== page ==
I scored an interview at Foot Locker Headquarters right out of college, and when I walked in, I knew that is where I wanted to be.  Well, the road hit a dead end when I was not hired for the position.  I continued to send my resume on a regular basis and got a job in insurance to fill the void.  I worked in insurance for a year, and I was getting very down because I really felt that I was selling myself short.  I found out that Lady Foot Locker was going to be at a job fair in New York City, and I called out sick from my job so I could go!  When I got there, I made a beeline straight for that Lady Foot Locker table, scored another interview and the rest is history. It turns out that being relentless and pursuing a company enough can actually pay off.  

Bringing Passion to Footwear: An Athlete and an Artist

Christiana, Athlete:
In high school, I played basketball, soccer and volleyball as well as AAU basketball, Washington DC and European travel soccer. That was originally how I got into wanting to work at a sneaker store. And then when I would learn about good sneakers, I could teach my teammates too.  Being an athlete was very helpful at the store, also, because being able to tell your customer from experience what works is very important.  When I worked in Lady Footlocker stores, my favorite part was really learning about the technology of the shoes.  I always looked forward to a woman runner coming in to the store and telling me that she ran x number of miles a week, but had an injury or specific problems and needs in a shoe.  I was proud to help these women get the most out of a shoe. 

I still love competition, and I think it’s very healthy to have a competitive nature.  When I worked in the store, my manager wanted to make sure we new the technology behind our products, so he would hold training sessions with free giveaways and contests. Being the competitor that I am, I would get online and study all I could about the companies, so I could answer all the questions and win stuff!  The mistake I made was answering all the questions in the beginning of the session, because they always waited until that last question to give away a pair of shoes.  Without fail, they always banned me from answering the last question because I had to give someone else the opportunity to answer.  I never got to win the shoes, but I sure had a lot of key chains, pens, and towels!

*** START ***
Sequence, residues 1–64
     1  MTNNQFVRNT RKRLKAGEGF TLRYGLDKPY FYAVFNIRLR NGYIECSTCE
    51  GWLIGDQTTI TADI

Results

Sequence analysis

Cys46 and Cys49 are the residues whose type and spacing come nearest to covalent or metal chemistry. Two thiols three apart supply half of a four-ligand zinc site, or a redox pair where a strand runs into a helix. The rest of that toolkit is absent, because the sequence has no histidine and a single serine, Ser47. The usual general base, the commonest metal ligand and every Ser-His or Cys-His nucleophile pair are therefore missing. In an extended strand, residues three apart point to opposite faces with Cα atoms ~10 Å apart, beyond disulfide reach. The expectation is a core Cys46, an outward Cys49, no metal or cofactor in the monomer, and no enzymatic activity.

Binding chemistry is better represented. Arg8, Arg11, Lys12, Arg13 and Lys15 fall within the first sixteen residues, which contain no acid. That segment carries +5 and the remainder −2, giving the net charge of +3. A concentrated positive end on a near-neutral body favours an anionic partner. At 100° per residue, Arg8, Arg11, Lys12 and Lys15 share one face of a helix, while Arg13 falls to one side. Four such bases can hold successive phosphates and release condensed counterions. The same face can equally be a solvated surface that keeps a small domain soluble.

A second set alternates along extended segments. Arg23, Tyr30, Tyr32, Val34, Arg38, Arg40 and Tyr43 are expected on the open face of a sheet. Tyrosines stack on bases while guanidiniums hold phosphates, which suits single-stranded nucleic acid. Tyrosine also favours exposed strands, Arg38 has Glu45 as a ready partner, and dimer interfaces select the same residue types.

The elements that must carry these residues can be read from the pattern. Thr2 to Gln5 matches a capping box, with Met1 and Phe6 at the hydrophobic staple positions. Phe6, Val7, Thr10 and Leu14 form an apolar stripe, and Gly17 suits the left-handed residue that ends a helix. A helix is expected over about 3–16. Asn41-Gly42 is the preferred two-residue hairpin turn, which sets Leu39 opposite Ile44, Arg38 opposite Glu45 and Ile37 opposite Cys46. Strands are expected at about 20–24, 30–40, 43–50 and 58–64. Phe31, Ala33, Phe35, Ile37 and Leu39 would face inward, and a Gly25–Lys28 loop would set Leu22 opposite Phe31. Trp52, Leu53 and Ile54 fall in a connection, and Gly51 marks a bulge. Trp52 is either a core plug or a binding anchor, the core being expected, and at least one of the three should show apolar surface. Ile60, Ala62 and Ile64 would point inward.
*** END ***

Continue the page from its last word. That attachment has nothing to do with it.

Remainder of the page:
Cheresse, Artist:
Footwear design for me became the marriage of two loves. Before I became a sneaker fiend, I was born an artist. I developed through various art programs throughout junior high and high school, but never knew footwear design was an option [until college]. My style is a culmination of all the things I’ve experienced in my life thus far, in addition to my heritage and environment. I grew up in Miami, which is a cultural melting pot, so that definitely influenced my design eye. Growing up taking traditional art classes and studying artists like Vincent Van Gogh and Michelangelo have also had an impact. Attending an art college in Detroit for four years and interning with Nike Skateboarding have all played a role, especially being inspired by all the great designers I work with everyday, who have taught me so much. 

How does being a female impact your work?
Being a young woman does allow me to bring a different perspective to design and would come in handy when designing footwear for women.  However being a great designer really has nothing to do with gender, it comes down to heavily researching your consumer—male, female, child or adult—and using your imagination. As a designer I would not want to be limited to designing footwear just for women only. The majority of the products I work on are for men.

Being a young woman is extremely beneficial to me, since I work at Lady Foot Locker and fit our primary customer profile.  I buy sneakers and apparel for both function and fashion, and I’m in the age group of our target customer.  It also makes the job more enjoyable when you are working for a company that sells products that you love and enjoy buying.

What made you stand out from the crowd and get hired?
I think the thing that made me stand out when I interviewed for the marketing position at Lady Foot Locker was the fact that I had a lot of experience in the store.  In marketing, we deal a lot with the field and try to help the needs of the presentation of the store.  It was very helpful to me that I was able to get on the phone with a store employee and help them, because I used to be there and understood their needs.